Why do we hear wildly varying accounts of discipline in Japanese schools?

Because the main weapon of Japanese teachers has always been peer pressure, so much so that traditionally classes with no teacher are left for hours or even days to get on with it under the instructions of the class monitor and the pressure of the other kids to behave. However, in some classes – or even whole schools- that peer pressure is rather one to appear too cool for school, etc. In others it could be to go totally wild.

The same explanation works quite well for explaining the extremes of discipline and lack of discipline in WWII, how the protests of the 1960s turned into virtually no protests today, and why Japanese sci-fi is so fascinated by the idea of a complete breakdown of the social order- because it could happen! Of course, peer pressure exists in every society. I think Japan uses it more as a form of control than almost any other country, though, apart maybe from the ones with reeducation camps…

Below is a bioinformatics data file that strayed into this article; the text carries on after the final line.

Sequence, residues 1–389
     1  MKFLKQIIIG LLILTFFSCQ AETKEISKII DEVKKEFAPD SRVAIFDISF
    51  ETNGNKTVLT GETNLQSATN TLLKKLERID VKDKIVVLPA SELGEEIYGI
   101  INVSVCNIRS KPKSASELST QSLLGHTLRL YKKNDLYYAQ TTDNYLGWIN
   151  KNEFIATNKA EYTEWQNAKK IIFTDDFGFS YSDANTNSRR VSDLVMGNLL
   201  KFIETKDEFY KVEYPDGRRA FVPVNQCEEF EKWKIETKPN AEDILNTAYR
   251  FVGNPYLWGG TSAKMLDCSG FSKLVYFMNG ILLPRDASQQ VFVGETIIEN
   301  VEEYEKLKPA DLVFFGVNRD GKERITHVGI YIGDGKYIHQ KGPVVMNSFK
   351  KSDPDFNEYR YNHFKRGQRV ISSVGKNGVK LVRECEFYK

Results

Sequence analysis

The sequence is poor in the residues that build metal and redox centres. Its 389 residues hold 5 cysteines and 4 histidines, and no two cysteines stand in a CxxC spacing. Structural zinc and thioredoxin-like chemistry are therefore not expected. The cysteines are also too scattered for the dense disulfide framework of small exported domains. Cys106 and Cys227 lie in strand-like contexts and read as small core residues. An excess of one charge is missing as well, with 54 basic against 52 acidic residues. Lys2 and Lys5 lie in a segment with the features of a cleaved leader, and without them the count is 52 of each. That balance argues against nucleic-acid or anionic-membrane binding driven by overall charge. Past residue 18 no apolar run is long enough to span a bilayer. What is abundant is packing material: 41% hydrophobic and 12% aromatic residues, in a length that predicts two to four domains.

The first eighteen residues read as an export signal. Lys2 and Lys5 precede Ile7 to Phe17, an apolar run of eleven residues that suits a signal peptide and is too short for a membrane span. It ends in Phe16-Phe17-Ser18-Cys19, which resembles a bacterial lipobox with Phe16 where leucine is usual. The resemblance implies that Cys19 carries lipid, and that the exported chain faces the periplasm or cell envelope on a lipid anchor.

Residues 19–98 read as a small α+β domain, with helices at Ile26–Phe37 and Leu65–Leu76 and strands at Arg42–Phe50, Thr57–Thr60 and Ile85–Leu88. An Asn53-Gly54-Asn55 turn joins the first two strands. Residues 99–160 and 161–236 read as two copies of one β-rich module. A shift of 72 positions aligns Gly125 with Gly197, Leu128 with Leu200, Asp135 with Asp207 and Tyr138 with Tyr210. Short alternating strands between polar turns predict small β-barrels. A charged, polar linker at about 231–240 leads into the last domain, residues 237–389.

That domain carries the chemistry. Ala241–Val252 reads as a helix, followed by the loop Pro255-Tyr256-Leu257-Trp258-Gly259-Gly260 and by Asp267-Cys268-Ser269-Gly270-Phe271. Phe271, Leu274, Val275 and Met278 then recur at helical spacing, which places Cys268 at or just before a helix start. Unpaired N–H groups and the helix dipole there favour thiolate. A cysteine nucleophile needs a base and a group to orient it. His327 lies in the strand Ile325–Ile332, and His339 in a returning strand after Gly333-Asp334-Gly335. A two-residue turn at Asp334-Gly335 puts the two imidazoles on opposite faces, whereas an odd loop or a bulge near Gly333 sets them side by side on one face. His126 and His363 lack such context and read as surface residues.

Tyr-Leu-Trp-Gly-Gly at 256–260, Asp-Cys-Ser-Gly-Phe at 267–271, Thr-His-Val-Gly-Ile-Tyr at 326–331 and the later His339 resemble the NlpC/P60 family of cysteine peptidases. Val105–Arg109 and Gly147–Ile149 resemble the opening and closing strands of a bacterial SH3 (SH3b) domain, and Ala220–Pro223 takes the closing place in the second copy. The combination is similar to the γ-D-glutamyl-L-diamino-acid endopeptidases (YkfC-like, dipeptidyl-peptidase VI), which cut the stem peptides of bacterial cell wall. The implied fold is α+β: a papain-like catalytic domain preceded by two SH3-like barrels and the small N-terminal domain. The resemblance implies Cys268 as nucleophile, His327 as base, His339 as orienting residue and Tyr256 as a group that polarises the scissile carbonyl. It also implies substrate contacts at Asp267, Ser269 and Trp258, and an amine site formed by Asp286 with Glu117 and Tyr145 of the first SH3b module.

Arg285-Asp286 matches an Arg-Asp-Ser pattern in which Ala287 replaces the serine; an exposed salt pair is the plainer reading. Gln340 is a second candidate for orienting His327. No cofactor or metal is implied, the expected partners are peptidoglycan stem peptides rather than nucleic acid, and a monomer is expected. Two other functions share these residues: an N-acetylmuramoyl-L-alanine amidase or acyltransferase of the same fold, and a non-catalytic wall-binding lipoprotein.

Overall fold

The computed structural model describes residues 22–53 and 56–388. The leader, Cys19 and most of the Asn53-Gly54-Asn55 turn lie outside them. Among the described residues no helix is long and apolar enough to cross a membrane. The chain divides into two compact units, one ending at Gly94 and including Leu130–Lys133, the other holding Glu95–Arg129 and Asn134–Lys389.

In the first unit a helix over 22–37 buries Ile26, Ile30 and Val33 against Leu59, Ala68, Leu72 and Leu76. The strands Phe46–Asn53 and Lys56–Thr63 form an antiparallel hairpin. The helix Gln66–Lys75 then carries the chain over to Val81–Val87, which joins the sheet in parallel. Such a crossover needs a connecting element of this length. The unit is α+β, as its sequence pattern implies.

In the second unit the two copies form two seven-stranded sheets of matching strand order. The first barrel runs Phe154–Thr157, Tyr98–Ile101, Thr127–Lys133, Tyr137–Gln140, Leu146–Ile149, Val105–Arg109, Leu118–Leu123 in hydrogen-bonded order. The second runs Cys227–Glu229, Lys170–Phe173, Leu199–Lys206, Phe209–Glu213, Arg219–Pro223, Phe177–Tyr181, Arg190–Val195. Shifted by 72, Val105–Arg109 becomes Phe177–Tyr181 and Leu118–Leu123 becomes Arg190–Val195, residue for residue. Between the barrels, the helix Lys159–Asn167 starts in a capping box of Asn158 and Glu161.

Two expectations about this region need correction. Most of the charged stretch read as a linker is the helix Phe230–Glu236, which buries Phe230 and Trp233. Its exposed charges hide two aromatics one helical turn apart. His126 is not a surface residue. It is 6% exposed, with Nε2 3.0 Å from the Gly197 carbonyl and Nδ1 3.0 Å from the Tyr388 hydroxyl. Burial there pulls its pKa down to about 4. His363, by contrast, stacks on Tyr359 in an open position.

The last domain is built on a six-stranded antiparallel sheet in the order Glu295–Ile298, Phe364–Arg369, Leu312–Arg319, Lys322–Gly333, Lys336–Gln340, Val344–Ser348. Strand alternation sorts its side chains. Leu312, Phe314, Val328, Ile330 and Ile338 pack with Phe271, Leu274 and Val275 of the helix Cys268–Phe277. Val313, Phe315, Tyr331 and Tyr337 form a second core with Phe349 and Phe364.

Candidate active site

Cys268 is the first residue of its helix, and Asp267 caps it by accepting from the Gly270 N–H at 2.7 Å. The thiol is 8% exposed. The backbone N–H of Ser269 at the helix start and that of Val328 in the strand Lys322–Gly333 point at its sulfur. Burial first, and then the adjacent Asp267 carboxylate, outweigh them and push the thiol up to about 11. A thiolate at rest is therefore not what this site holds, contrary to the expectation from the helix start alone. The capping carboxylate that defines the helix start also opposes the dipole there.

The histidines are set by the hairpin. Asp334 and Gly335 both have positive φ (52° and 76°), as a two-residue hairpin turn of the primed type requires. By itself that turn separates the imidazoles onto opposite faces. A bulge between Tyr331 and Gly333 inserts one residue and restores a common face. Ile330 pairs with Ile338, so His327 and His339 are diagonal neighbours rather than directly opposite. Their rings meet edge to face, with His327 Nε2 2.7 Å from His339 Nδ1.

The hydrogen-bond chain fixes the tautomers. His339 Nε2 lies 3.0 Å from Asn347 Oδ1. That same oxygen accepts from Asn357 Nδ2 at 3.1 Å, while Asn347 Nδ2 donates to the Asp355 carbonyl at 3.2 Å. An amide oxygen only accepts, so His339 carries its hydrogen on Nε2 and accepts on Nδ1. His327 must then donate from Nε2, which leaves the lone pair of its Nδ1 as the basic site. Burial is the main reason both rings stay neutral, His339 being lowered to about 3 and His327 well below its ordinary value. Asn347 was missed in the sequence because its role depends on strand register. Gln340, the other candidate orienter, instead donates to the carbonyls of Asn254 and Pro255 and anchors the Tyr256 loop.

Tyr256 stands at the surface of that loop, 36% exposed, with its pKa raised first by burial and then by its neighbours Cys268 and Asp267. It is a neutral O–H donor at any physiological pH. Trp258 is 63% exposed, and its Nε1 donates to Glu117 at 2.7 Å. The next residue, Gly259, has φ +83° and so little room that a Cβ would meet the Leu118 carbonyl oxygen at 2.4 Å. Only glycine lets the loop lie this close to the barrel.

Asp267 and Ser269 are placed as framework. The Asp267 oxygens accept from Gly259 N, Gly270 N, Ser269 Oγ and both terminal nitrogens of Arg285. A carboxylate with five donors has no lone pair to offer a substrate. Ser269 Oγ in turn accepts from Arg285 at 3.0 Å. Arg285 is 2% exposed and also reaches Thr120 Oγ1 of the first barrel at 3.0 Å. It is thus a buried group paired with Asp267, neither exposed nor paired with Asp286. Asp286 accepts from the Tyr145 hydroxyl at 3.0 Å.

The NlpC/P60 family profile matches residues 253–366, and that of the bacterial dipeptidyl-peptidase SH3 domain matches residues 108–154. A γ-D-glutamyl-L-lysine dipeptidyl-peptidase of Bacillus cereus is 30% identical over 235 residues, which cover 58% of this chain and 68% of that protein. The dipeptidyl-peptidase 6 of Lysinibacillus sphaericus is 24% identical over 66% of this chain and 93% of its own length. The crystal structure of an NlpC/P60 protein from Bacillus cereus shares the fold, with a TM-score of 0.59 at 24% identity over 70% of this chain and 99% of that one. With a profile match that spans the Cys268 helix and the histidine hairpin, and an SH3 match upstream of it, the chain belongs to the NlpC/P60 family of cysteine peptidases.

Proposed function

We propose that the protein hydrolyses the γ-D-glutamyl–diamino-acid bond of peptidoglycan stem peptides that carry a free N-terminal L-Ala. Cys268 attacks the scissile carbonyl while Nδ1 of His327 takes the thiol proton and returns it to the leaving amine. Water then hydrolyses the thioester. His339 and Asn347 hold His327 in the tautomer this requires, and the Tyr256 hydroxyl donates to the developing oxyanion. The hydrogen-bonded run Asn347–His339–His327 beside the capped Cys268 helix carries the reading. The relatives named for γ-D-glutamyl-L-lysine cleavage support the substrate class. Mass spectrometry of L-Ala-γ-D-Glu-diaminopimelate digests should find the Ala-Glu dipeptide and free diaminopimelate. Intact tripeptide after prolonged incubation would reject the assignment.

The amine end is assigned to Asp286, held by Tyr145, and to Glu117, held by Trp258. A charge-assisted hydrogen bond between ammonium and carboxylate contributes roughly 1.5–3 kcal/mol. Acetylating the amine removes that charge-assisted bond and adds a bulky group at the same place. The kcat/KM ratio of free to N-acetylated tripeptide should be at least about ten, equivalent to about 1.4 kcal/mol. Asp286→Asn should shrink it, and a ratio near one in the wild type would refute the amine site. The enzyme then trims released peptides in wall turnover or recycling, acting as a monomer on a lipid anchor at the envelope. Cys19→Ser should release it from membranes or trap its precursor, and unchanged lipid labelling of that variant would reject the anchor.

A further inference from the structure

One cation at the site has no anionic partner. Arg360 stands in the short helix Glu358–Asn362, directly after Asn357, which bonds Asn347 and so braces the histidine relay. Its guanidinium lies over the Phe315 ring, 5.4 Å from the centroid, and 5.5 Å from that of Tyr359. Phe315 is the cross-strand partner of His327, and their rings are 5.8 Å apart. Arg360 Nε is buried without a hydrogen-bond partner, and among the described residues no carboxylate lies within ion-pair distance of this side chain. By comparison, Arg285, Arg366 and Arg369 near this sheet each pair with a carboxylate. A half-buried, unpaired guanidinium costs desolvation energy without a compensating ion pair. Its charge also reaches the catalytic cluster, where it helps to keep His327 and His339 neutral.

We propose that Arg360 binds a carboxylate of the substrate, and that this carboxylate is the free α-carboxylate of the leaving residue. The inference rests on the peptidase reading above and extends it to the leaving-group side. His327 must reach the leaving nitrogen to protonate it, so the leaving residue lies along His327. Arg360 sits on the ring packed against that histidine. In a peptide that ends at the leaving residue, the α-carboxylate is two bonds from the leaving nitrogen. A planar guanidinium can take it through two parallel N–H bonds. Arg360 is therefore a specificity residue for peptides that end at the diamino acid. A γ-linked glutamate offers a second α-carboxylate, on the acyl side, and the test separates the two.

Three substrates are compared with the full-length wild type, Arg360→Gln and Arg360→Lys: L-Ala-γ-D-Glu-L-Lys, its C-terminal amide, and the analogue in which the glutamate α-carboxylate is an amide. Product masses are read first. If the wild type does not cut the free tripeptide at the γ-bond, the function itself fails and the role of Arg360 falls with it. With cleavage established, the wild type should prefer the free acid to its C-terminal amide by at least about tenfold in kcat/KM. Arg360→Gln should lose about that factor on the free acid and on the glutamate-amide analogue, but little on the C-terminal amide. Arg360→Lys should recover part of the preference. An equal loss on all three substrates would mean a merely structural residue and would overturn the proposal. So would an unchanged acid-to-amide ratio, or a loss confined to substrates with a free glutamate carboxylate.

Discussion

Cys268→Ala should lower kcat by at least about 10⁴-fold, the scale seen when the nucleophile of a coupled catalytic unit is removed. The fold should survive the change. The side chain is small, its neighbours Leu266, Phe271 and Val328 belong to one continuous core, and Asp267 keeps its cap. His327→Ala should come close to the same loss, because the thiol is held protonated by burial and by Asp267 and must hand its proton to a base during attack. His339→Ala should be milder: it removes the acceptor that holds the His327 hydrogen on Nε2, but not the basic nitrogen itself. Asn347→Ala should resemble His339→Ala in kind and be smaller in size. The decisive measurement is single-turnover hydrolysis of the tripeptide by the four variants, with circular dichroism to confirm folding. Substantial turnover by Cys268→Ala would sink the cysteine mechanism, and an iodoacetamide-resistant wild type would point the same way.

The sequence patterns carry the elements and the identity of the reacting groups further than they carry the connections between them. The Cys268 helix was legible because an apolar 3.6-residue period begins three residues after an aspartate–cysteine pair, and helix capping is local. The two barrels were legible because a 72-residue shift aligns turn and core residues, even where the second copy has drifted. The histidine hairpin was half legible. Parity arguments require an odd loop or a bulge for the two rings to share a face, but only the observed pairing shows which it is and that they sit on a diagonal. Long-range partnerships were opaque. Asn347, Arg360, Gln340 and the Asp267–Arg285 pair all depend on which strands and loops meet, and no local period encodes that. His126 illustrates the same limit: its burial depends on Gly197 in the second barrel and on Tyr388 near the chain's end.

1 Comment

  1. takajolily said,

    October 23, 2010 at 1:26 am

    I hate the peer pressure discipline at work at my daughter’s school. She often comes home late (with no word from the school of course to tell me she is being kept in) after some OTHER kid misbehaved and the WHOLE CLASS got kept behind as a result. I know the reason why – the kid in question is supposed to feel ashamed for causing so much trouble to his friends, and it’s supposed to make them all monitor each other’s behaviour, but it’s just so unfair!!

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